4.3. Magnitude of Arctic Laurentide Ice Sheet IRD Events

[28] To estimate the quantity of icebergs that calved into the Arctic Ocean during one of the ALIS IRD events, we use the proportion of Fe oxide grains in PS1230 matched to this ice sheet, assuming that the increase in grains matched to the ALIS is proportional to the increase in iceberg flux through Fram Strait. The area of the ALIS that flowed into the Arctic Ocean is ∼1.5 × 106 km2 [Clark et al., 1996]. Using the Laurentide reconstruction of 18 ka from Clark et al. [1996], ALIS had a volume of ∼1.3 × 106 km3, which disappeared between 18 and 10 ka [Dyke, 1987]. Allowing for ∼20% loss by mass wasting in situ and adding ∼4 cm of ice per year over the 8000 years during glacial times based on 10 cm/yr ice accumulation in northern Greenland today, a maximum of ∼1.5 × 106 km3 of icebergs could have calved from this ice sheet during the 8000 year long deglaciation. During this time, two IRD events occurred, AL1 and AL2 (Figure 2). If they lasted <1.5 kyr, then each IRD accounts for 19% of this 8 kyr interval. During these events, 3 times as many grains came from the ALIS than during the lows in between (using unweighted percents). Thus the two IRD events accounted for ∼64% of the total ice that calved from the ALIS during this 8 kyr interval, or a maximum of 106 km3. This amounts to an annual flux of fresh water bound in glacial icebergs of 350 km3/yr through Fram Strait during an ALIS IRD event. The icebergs added ∼15% to the present-day average annual sea ice volume flow through Fram Strait [Kwok and Rothrock, 1999]. More importantly, the icebergs would have survived longer and melted farther south than sea ice with a potentially significant impact on deep water production. For comparison, the range of estimates for iceberg flux through Hudson Strait during a Heinrich event is 312–2800 km3/yr [Dowdeswell et al., 1995; MacAyeal, 1993].

[29] Our estimate is conservative. If the actual values for the annual ice sheet thickness growth rate were larger and the duration of the iceberg pulses were shorter than our estimates, the amount of glacial ice that drifted through Fram Strait at times during the Pleistocene could have been considerably higher than our estimate, perhaps exceeding 1000 km3/yr. Recent findings of plough and gouge marks at nearly 1000 m water depth on the Lomonosov Ridge and ∼700 m on the Chukchi Borderland areas suggest that large ice shelves once existed in the Arctic [Polyak et al., 2001]. Using a somewhat different approach, Bischof [2000] obtained an average volume flux of icebergs through Fram Strait of 270 km3/yr (freshwater equivalent) with a range of 180-530 km3/yr. Adding the volume flux of sea ice, the total freshwater flow during a deglaciation event was 3870 km3, with a minimum flux of 3780 km3 and a maximum of 4130 km3 per year [Bischof, 2000]. Using these larger ice volume estimates, the amount of freshwater that was delivered from the Arctic Ocean to the sub-Arctic seas during the late Pleistocene by sea ice and glacial icebergs was up to 65–80% larger than at present.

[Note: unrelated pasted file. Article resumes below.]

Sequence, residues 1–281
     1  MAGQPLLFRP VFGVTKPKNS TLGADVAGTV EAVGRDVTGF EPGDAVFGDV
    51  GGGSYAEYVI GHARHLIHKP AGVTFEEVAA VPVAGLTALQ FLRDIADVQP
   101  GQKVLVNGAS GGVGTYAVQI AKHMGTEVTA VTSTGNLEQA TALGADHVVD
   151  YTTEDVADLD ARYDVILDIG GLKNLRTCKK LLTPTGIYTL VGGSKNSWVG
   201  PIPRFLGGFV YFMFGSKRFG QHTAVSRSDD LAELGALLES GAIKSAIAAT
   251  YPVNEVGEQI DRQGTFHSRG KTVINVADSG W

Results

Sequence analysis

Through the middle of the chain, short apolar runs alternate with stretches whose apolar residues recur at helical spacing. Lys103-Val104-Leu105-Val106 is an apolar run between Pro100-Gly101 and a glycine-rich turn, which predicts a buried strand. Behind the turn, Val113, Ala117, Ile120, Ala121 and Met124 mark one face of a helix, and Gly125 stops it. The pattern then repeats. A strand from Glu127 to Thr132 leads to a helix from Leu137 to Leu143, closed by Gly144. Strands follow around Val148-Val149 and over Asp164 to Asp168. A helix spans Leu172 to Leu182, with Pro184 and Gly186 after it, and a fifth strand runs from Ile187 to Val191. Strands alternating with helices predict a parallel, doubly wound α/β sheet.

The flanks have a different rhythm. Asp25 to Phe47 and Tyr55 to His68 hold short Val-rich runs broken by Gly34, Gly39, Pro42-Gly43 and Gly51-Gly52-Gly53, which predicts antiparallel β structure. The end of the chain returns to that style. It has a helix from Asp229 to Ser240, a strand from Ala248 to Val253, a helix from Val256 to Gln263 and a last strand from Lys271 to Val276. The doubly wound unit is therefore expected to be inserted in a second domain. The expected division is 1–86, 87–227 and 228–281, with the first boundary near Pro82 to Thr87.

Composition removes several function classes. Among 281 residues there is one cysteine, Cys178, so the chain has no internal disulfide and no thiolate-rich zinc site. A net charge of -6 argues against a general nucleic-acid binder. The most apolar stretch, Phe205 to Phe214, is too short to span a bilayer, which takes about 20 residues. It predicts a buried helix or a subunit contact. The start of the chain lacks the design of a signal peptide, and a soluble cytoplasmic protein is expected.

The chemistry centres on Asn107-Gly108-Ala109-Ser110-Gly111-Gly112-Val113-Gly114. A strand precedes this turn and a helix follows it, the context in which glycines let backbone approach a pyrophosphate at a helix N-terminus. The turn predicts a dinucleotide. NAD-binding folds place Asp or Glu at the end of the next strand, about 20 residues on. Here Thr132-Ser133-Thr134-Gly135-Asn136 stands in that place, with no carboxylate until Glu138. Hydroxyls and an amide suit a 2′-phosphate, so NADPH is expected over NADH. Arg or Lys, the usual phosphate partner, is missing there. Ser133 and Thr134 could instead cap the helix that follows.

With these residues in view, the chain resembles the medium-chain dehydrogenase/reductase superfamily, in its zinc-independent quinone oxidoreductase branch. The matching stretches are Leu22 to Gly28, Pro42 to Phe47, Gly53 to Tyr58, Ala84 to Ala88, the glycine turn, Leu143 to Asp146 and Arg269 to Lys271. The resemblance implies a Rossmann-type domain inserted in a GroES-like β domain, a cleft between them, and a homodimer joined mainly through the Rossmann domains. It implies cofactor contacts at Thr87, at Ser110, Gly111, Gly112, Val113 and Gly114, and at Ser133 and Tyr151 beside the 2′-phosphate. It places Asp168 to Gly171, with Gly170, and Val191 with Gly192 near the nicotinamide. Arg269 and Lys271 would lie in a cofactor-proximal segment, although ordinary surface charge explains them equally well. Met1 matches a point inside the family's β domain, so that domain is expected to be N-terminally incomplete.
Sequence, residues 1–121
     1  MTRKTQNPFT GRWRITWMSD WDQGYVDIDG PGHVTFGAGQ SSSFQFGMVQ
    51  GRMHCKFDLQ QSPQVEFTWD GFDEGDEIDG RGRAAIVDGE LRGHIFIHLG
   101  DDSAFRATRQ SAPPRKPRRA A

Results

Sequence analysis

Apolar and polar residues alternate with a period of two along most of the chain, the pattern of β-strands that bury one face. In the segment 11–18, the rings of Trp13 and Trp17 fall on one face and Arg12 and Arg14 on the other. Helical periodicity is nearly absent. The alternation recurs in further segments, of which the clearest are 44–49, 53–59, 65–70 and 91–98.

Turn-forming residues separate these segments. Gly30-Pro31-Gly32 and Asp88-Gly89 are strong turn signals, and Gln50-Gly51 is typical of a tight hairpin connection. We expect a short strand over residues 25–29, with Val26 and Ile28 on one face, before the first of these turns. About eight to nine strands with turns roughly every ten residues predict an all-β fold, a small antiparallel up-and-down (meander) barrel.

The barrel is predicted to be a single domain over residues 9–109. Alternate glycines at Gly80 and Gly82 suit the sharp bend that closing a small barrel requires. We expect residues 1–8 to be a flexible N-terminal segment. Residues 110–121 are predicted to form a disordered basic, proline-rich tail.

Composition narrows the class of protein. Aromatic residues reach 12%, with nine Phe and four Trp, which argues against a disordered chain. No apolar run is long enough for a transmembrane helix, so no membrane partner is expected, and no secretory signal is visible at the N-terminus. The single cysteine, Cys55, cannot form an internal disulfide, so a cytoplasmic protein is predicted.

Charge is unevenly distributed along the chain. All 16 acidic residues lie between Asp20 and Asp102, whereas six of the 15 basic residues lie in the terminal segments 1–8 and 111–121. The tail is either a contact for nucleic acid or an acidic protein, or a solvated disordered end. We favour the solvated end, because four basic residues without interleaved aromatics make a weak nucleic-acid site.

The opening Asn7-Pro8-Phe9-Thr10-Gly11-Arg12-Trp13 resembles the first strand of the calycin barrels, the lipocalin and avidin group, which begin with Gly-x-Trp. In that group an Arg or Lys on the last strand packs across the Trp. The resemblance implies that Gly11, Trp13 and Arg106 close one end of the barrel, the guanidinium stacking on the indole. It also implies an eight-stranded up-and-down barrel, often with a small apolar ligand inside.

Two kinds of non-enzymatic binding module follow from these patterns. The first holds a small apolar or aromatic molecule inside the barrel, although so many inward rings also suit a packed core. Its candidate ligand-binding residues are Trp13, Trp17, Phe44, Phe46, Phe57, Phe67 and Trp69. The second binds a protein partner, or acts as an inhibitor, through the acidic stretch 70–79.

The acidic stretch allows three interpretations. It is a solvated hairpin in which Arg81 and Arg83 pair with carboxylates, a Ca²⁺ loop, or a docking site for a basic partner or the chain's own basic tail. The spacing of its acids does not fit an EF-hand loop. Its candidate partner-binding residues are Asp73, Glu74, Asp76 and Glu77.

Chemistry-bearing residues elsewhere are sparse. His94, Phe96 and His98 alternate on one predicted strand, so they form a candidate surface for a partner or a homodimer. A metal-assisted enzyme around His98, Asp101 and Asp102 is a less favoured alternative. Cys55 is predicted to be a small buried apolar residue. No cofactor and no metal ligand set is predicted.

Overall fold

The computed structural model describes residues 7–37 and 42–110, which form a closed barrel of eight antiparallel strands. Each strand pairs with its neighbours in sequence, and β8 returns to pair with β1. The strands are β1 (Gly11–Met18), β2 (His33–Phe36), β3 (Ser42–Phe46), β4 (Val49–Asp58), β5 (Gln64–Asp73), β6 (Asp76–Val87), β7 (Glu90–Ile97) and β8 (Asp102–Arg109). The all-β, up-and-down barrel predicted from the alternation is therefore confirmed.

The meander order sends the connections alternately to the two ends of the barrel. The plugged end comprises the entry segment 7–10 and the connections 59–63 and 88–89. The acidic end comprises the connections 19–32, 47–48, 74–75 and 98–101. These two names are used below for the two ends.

4.4. Stratigraphic Relationship Between Arctic Laurentide and Innuitian IRD Events

[30] Some Fe oxide grain peaks from the IIS and the ALIS occur at about the same depth intervals in PS1230 (Figures 2 and 6). Where the resolution allows, for instance, at ALIS events 2–4, the Innuitian IRD events precede each Arctic Laurentide event by ∼1–1.5 kyr. Where an Innuitian peak (e.g., I1) nearly coincides with an ALIS peak, the Innuitian Fe oxide grain IRD event begins to rise prior to the ALIS event and peaks just prior to the ALIS event (Figure 6). All four ALIS events exceed 40% of grains, while only two of the Innuitian Fe oxide grain events are above this arbitrary level (Figure 2). Obviously, the ALIS events are larger, as might be expected from the magnitude of the Laurentide ice sheet compared to the Innuitian ice sheet. Where the IIS events are largest (>40%), they clearly precede ALIS events immediately above stratigraphically (Figure 6).

Figure 6.

Innuitian IRD events more clearly shown leading Arctic Laurentide events in PS1230 when both curves are averaged over three sample intervals.

[31] The stratigraphic relationship between ALIS and IIS Fe oxide grain peaks is more difficult to interpret in the cores from the central Arctic Ocean because the Innuitian icebergs followed different drift paths than the ALIS icebergs (Figure 1) [Bischof and Darby, 1997]. Thus Innuitian icebergs did not always reach the locations of the other Arctic Ocean cores studied [Bischof and Darby, 1997].